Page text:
Government fleets are continuing to embrace natural gas as an alternative fuel as evidenced by recent actions in Pennsylvania, New York City and Denver, and the trucking industry at a recent national summit meeting did the same.

With the Marcellus Shale as a continuing stimulus, Pennsylvania’s Department of Environmental Protection (DEP) started accepting applications this month for its natural gas vehicle (NGV) grant program, which is providing $20 million during the next three years to help pay for the incremental and conversion costs of heavy-duty NGV fleet vehicles.

Earlier this year DEP launched an NGV website to help public- and private-sector fleet operators decide if they want to convert part or all of their operations to NGVs (see Daily GPI, June 7). The website offers information on both compressed natural gas (CNG) and liquefied natural gas (LNG) options following Pennsylvania’s new state law (Act 13), passed earlier this year, which authorized DEP to establish the NGV grant program.

Applications for the 2013 grants are due by Feb. 1, and DEP said that up to $10 million will be available for the first year, followed by $7.5 million in 2014 and $2.5 million the last year, 2015. Awards for the first year will be made in late March, DEP said. Grants are being capped at 50% of the incremental purchase or retrofit cost per vehicle with a maximum grant of $25,000/vehicle.

Elsewhere, Canada-based New Flyer Industries said it was supplying 74 CNG buses to the New York City Transit Authority, picking up a contract that Daimler Orion once held but abandoned after it discontinued the Orion brand buses earlier this year. New Flyer said it has an option for an additional 30 buses that were not in the original Orion contract. New Flyer buses have 8.9-liter ISL G engines from Cummins Westport, with Type IV all-composite CNG fuel tanks made by Lincoln Composites.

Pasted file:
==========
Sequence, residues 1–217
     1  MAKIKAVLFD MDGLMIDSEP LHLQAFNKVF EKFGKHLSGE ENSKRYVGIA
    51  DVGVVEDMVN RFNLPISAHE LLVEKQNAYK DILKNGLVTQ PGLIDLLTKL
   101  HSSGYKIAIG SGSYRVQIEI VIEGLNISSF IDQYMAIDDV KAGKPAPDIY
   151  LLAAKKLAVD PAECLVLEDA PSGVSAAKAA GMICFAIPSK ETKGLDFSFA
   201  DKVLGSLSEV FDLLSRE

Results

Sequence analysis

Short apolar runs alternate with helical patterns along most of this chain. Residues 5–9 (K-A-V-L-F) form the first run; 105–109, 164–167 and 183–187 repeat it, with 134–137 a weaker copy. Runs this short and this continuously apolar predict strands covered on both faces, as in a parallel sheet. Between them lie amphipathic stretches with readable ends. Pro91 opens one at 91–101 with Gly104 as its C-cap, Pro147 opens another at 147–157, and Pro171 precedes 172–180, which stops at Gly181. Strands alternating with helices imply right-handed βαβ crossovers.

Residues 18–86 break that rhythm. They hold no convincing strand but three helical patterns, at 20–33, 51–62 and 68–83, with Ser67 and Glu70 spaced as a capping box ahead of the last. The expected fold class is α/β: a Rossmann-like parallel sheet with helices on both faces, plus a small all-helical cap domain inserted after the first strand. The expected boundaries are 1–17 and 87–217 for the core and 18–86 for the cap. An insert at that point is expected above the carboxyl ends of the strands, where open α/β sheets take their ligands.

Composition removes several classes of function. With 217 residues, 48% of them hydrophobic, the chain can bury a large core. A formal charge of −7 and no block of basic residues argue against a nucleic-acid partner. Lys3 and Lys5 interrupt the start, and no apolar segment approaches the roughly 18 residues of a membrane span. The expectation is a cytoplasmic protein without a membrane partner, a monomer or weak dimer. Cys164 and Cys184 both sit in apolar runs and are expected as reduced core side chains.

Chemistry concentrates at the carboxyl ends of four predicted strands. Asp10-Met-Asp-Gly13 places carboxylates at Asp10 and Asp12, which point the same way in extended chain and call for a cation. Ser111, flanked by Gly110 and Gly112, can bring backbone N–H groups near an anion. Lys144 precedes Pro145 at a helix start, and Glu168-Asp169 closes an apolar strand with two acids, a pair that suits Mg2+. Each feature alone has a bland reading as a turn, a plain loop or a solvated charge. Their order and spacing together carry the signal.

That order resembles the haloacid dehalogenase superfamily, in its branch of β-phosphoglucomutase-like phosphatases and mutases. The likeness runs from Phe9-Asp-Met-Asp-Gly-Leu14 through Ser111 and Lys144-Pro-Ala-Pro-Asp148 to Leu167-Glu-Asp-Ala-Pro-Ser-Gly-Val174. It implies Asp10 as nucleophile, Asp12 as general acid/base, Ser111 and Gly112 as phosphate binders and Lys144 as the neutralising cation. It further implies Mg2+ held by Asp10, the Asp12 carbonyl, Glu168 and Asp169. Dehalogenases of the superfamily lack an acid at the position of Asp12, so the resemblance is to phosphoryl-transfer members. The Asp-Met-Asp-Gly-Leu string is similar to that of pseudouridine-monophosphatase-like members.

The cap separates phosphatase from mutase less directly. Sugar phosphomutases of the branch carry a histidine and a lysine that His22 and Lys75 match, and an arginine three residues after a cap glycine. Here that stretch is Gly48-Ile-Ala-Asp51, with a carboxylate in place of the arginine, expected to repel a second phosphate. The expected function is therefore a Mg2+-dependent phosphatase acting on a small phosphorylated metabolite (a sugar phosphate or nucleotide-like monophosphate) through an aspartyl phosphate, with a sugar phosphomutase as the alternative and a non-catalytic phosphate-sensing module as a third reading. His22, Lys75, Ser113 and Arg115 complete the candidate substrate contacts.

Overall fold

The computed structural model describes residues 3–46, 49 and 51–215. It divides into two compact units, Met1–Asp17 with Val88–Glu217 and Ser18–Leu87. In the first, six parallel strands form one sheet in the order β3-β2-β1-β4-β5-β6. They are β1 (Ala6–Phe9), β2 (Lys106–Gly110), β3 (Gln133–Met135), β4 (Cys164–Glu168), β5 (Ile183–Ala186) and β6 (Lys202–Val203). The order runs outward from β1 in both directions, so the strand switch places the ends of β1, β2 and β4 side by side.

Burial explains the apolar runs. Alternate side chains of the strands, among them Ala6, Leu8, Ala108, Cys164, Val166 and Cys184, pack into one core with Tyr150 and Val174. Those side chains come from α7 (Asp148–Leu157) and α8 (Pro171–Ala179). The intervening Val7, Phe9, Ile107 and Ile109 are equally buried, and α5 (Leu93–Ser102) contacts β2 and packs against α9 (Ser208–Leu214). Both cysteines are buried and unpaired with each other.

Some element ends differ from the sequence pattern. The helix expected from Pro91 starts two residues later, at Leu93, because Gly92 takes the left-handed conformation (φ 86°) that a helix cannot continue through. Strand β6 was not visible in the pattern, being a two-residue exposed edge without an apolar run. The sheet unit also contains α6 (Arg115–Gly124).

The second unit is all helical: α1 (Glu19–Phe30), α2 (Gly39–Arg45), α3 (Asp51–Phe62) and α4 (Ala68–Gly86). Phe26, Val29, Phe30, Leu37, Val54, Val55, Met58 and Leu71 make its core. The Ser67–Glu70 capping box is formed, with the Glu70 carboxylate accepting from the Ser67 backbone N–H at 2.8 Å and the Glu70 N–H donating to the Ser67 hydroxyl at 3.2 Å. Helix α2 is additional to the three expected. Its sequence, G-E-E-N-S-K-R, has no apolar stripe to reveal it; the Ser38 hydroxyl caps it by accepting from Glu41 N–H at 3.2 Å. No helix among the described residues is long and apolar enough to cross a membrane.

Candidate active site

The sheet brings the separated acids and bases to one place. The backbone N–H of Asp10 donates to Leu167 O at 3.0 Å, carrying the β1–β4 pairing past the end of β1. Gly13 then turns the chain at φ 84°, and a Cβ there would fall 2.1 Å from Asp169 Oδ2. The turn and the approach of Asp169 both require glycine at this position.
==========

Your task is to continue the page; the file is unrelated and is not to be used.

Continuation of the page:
In the West, Denver’s Regional Transportation District (RTD) marked a 5 million mile milestone in the operation of CNG hybrid buses on the downtown 16th Street Mall. The combination natural gas and electric buses with 2.5-liter, four-cylinder Ford engines have now logged more than 5 million miles and carried more than 200 million passengers as a free mall bus service provided by the RTD.

Separately at the American Trucking Association’s recent summit on NGVs, Freightliner Trucks said it was making available for test drives five of its new Cascadia 113 CNG-powered tractors featuring the new Cummins Westport ISX12 G heavy-duty natural gas engine. The trucks will have Allison 4000HS transmissions and the fuel tank capacity equivalent to 115 diesel gallons of CNG.

Noting that NGVs can result in significant fuel cost savings for truck fleet operators, Freightliner’s TJ Reed, director of product strategy, said the tests of the new Cascadia 113 will allow prospective customers to “experience first hand the performance and efficiency of an alternative fuel solution.”

In Pennsylvania, DEP Secretary Mike Krancer said he hoped the combination of technology advances and the state grant money will help “wean our country from its dependence on foreign oil for transportation fuel.” Krancer said Act 13 is helping put an emphasis on the state’s own abundant supplies of natural gas.

“The next step [in this year’s push] was our standing-room-only seminars hosted by DEP during the past few months to educate the public about the grant program and converting vehicle fleets to run on natural gas. Now our grant program will provide funding for local governments, schools, businesses to land lower operational costs, lessen dependency on foreign oil, and clean the air all at the same time.”

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